On September 24th the Library & Archives Service and IT Service organised a 90 minute seminar on dealing with information security and open access requirements in research project on September 24th. The purpose of the session was to demonstrate how research projects could address conflicting requirements for keeping information secure and making it available for access and use, through adoption of a considered approach to data management.
The session began with a presentation by Gareth Knight titled ‘Keep your research secure and address Open Access obligations‘. He began by examining the legal, funding, institutional, and domain requirements that influence a research project and considered how they change over time. The proposal development stage, for example, has evolved to incorporate ethics approval, peer review of proposal abstracts, and Data Management Plans activities. He noted that it can be difficult for projects to keep up-to-date with evolving needs/requirements, particularly in longitudinal studies and other long-term projects working to an established project plan. To enable research projects to identify evolving needs/requirements and adopt an appropriate response, he recommended that projects perform a SWOT or Gap Analysis every 6-12 months.
Marion Rosenberg’s presentation on ‘Keeping Personal and Sensitive Data Securely‘ explored requirements for protecting data from unauthorised access. Although requirements for information security are based around the Data Protection Act, she emphasised there was a need to keep all data secure. This requires projects to take a holistic approach, ensuring that all components of the research process – data, systems, and people – are managed with consideration of security requirements. The people component, she noted, was often overlooked. Security holes can be created through basic oversights, such as failing to lock or log-off a computer before leaving it unattended. Marion went on to speak of the financial, reputational, and capability implications if personal information is lost, damaged, or made available and the actions that may be taken to address risk factors.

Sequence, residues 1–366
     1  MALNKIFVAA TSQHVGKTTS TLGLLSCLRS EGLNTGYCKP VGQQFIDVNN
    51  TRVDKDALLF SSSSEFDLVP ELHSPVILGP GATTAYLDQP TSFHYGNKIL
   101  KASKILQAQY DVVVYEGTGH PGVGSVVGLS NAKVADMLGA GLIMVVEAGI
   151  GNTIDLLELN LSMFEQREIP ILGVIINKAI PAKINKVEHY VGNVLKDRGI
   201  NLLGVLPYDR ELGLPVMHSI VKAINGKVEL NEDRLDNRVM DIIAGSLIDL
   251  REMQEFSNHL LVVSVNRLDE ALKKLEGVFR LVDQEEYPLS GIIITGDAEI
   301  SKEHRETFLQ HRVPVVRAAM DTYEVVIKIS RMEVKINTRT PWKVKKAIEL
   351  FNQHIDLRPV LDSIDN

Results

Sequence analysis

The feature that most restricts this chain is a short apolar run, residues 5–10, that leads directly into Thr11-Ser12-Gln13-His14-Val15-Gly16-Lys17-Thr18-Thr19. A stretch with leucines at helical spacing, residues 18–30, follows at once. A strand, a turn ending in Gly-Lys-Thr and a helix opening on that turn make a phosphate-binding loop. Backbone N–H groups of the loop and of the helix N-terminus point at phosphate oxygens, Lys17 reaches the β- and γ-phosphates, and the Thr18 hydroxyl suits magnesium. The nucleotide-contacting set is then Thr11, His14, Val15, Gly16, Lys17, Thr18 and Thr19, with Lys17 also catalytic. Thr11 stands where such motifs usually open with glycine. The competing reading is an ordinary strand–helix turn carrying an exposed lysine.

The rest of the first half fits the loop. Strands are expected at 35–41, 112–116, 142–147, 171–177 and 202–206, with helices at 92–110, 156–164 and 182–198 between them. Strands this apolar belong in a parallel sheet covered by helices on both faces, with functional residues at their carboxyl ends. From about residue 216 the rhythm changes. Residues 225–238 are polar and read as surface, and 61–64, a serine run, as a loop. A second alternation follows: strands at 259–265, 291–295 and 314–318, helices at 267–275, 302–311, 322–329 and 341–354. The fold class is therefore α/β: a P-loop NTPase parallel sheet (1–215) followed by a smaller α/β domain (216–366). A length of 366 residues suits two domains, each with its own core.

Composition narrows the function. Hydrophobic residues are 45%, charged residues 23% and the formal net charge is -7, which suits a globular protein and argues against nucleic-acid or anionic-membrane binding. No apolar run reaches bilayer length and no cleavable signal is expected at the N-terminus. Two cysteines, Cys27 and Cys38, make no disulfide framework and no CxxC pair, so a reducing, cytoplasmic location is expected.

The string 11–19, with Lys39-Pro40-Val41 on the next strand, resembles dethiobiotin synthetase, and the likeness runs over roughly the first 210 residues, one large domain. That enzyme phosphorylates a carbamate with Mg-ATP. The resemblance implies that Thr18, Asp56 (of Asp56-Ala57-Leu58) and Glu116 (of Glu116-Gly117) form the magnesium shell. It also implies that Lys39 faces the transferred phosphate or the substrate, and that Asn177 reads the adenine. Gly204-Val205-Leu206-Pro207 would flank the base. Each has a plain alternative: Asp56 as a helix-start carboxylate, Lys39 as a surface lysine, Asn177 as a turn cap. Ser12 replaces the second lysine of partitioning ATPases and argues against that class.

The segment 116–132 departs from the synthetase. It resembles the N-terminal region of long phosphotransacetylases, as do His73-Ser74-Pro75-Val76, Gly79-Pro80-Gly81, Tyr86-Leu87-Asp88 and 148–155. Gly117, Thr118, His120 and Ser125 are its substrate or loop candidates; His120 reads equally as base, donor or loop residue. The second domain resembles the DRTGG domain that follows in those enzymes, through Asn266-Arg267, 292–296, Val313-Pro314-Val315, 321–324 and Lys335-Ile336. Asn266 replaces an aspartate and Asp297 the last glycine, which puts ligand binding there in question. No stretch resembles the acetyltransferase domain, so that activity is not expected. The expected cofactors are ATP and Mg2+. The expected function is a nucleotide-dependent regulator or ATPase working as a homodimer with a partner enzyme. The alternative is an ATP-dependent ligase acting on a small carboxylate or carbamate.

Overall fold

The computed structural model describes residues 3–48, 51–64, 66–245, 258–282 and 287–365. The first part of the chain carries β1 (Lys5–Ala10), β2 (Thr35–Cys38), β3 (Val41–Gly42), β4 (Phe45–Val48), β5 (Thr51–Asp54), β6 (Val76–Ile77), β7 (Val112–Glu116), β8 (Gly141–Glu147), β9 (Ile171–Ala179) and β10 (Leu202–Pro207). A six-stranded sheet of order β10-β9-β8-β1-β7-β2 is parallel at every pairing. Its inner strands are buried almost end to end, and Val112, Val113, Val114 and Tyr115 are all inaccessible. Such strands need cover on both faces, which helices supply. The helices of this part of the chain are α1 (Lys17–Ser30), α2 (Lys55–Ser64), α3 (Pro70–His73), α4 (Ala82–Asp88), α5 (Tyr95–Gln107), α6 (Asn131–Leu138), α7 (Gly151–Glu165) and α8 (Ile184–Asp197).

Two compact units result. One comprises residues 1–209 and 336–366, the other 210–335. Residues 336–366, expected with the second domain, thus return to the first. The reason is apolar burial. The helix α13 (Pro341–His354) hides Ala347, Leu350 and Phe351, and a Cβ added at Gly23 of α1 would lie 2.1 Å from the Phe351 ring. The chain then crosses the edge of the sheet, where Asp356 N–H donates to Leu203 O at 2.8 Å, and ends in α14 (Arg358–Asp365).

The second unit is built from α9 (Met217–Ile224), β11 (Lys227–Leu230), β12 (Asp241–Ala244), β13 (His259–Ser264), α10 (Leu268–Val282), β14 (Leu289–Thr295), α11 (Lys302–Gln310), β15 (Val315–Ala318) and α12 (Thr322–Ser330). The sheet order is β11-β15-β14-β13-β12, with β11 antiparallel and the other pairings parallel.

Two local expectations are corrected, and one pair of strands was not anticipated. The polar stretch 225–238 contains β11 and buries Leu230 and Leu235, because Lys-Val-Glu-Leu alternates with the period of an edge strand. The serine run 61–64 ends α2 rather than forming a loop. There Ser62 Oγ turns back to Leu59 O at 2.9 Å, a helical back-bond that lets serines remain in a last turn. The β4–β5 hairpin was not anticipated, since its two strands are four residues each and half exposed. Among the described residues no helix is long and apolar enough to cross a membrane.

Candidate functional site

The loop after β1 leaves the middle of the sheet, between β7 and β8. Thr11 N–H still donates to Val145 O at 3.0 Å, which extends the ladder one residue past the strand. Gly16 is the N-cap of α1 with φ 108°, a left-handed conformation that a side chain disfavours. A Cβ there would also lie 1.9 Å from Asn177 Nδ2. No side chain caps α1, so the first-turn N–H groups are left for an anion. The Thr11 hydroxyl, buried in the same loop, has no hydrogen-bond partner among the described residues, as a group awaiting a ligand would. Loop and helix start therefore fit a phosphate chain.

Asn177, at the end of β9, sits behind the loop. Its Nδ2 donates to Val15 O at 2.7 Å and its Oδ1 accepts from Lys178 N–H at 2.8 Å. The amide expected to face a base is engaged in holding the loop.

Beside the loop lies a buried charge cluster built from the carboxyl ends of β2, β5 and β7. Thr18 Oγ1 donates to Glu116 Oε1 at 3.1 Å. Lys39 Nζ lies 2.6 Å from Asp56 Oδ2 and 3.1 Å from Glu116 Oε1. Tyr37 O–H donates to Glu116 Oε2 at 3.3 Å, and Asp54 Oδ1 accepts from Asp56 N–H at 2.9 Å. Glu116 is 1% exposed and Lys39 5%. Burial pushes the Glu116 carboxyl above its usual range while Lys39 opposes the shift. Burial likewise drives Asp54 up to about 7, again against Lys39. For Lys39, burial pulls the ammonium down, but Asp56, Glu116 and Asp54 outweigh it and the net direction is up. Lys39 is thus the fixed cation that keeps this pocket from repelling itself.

Andrew Gray gave a presentation on ‘Making Research Open Access‘ which examined the issues surrounding OA. He examined the benefits of making research freely available, moving on to describe different types of Open Access and licence models. The presentation concluded with a description of support available within the School and services that may be used to host research papers.
Finally, Gareth Knight gave a presentation titled ‘Shareable by Design‘, which explored how researchers can make better use of their research through making it available. He began with an overview of the benefits of data sharing, noting its role in meeting funder requirements, improving the author’s research impact, and enabling better research in the broader community. This was followed by a description of a 5-layer model for sharing research data, focusing upon steps to enable data to be found, obtained, accessed, used, and cited.
To conclude the session, the presenters reflected on the statement that developments in open access and data sharing conflict with the need to keep information secure. It was recognised that health data needs to be kept securely during the development process, but this should not preclude the possibility of making it available at a later date. An anonymised subset can be released following project completion, if the project have addressed IPR issues through participant consent/collaboration agreements and performed activities to anonymise and document the data.